began drinking. He was locked up
Wife of Nearly Thirty Years Sends
Frederick Scheuler to the
Special to The Herald.
DENVER, Nov. 4.— After twenty
eight years of married life, the past
few years of which have been spent In
litigation with his wife, Frederick
Scheuler Is a feeble, penniless, aged
outcast. Turned out of his home by
his wife through processes of law, his
scanty ' wardrobe thrown into tho
streets, the chickens from which he re
ceived his last source of revenue, upon
which he was meagerly maintained,
driven away and scattered with the
winds, he has made an Individual ap
peal to Judge Mullins for relief. But
the judge, whose duty it is to admin
ister the cold letter of the law and
not to warp it so as to season It with
mercy against the legal rights of one
for the charity of the other, could only
listen to the old man's story In silence
and tell him to go his way unaided.
The decision which was the final un
doing of the old man was rendered by
Judge Mullins the first of the week,
which gave the wife, Mrs. Catherine
Scheuler, the little home occupied by
him In the suburbs of Denver as a
chicken ranch. Immediately after the
decision the wife went upon the prem
ises and took possession. She gathered
together her husband's few effects and
threw them Into the road In front of
the place, and then made war upon the
chickens. With a broom and missiles
of every description, according to
Scheuler's attorney's statement, shß
chased them to the four winds, and
they, like their former owner, are out
casts and a prey to the elements and
the wild animals of the surrounding
The last suit involved the little
chicken ranch in an unlawful detainer
action. A number of years ago Mrs.
Scheuler brought suit against her hus
band for divorce on the ground of in
compatibility of temper. In this she
failed. But the attorney for Scheuler
claims the court erroneously entered a
decree against the husband for ali
mony, thinking a divorce had been
granted. He maintains that alimony
can only be given where a divorce is
granted. Anyway, he says that after
the old man by gardening and selling
eggs and spring chickens had paid ali
mony under the order for more than
a year, he was taken sick and fell be
He states that the wife permitted the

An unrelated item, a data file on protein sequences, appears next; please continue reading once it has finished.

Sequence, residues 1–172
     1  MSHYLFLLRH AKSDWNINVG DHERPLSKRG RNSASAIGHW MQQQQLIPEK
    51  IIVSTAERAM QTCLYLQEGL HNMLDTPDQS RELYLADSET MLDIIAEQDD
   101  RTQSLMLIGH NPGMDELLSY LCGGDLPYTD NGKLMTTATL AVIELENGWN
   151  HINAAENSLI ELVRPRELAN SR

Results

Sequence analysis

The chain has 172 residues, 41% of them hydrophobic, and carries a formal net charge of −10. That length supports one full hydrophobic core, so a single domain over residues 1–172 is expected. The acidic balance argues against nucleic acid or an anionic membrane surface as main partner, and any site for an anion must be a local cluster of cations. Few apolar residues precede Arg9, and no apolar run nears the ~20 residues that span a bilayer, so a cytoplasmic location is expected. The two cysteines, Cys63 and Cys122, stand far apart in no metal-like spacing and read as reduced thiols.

debt to accumulate without making nn
effort to collect until it amounted to
a large sum. She then obtained an ex
ecution against her husband, and the
sheriff levied on the chicken ranch
property. He sold It, and the wife be
came the purchaser. The old man had
no place to go and refused to walk out
upon the common. Mrs. Seheuler then
brought suit of unlawful detainer.
They fought it out from justice court
to county court and then appealed to
the district court, where Judge Mullins
has rendered a final decree against the
old man.
Without a dollar to his name,, un
able to appeal tha case further or pay
attorney's fees, he was informed by
his attorney that there was nothing
else to be done. It was then that
Scheuler went for a last appeal to
Judge Mullins.
"I guess I will have to go to the poor
farm," said the old man, as he feebly
plodded across the court yard and
down the street, without a dollar or a
friend to his name.
Pat Sheedy Says That Winning Often
Quickens Heart Action to
Danger Point
Special to The Herald.
NEW YORK, Nov. 4.— Pat Sheedy,
In his time probably the greatest card
gambler the world ever knew, said
yesterday that there was In his mind
no doubt whatever that Col. William
Slmms, the Huntington (W. Va.) stock
dealer who dropped dead holding a
royal flush In a poker game, was the
victim of excessive emotion over good
"That royal flush killed him," said
Mr. Sheedy. "It is the most logical
thing In the world to those who know
what It is to win or lose large amounts
of money. I know by experience.
Poker, however, never excited me. A
horse race does. So will a prize fight
today. I have felt the hair rise on my
head at a great racing finish, where I
had much money on the winning horse.
"The elation, at times, was almost
painful, and for a minute my heart
did three times as much work as It
was made to do. Loss, does not affect
the heart action as does a great gain.
The heart's action slows up under loss
and dissapointment. The result is
great lassitude. On the contrary, when
the normal man makes a great gain,
he will experience a buoyancy of spirit
for hours.
"If his heart is not normal that same
big winning may make him ill.
"It may kill him, as It did Col. Simms
and as It did another man down south
only last week, who drew to three aces
and got the fourth. These men un
doubtedly did not have normal hearts,
but under the ordinary Incidents of
dally business life they would probably
have lived many years.
"The excitement was too much for
"I've watched the emotions of men
under the stress of gambling excite
ment In all the countries In the world
for over thirty years, and I know
what I'm talking about when I say
that great winnings will sometimes
kill, but a great loss never. The first
overtaxes the heart action, the second
practically decreases its work."
She Cooks Now for Senator Hanna's
Widow at the Swell Gotham
Special to The Herald.
NEW YORK, Nov. 4.— "Hanna's
Maggie." the concoctor of that historic
hash with which the Ohio senator re
galed distinguished breakfast guests,
Is at the Gotham hotel.
She is there In her professional ca
pacity as cook, but the guests of the
house, with a single exception, are bar
red from the gastronomic delights cre
ated by her skill.
Maggie cooks for only Mrs. Mark
Hanna, the senator's widow, who has
established herself permanently at the
Gothum. The only private hotel kitchen
on record has been constructed for her
exclusive use and under her personal
supervision. It Is entirely apart from
the main kitchen of the hotel, and
every utensil In its equipment was se
lected personally by "Hanna's Mag
All this was accomplished by Mrs.
Mark Hanna In the face of seemingly
Insurmountable barriers. No sooner
had she decided upon New York as a
place of perirmnanent residence than
she began to plan for the installation
of Maggie as her personal chef.